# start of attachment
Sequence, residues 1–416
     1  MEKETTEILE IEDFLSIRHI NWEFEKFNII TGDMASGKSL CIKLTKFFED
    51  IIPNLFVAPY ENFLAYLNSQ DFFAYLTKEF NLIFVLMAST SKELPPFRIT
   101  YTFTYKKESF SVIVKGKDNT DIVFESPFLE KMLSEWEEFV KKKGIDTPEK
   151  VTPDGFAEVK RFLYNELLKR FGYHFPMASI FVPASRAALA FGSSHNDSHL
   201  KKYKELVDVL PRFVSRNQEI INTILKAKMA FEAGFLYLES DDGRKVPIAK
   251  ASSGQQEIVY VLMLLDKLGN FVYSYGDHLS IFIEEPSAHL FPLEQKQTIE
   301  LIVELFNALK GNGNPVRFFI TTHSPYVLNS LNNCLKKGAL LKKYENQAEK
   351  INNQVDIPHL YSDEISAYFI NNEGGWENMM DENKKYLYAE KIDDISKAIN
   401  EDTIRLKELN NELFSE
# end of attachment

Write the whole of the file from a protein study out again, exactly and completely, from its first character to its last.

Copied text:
Sequence, residues 1–416
     1  MEKETTEILE IEDFLSIRHI NWEFEKFNII TGDMASGKSL CIKLTKFFED
    51  IIPNLFVAPY ENFLAYLNSQ DFFAYLTKEF NLIFVLMAST SKELPPFRIT
   101  YTFTYKKESF SVIVKGKDNT DIVFESPFLE KMLSEWEEFV KKKGIDTPEK
   151  VTPDGFAEVK RFLYNELLKR FGYHFPMASI FVPASRAALA FGSSHNDSHL
   201  KKYKELVDVL PRFVSRNQEI INTILKAKMA FEAGFLYLES DDGRKVPIAK
   251  ASSGQQEIVY VLMLLDKLGN FVYSYGDHLS IFIEEPSAHL FPLEQKQTIE
   301  LIVELFNALK GNGNPVRFFI TTHSPYVLNS LNNCLKKGAL LKKYENQAEK
   351  INNQVDIPHL YSDEISAYFI NNEGGWENMM DENKKYLYAE KIDDISKAIN
   401  EDTIRLKELN NELFSE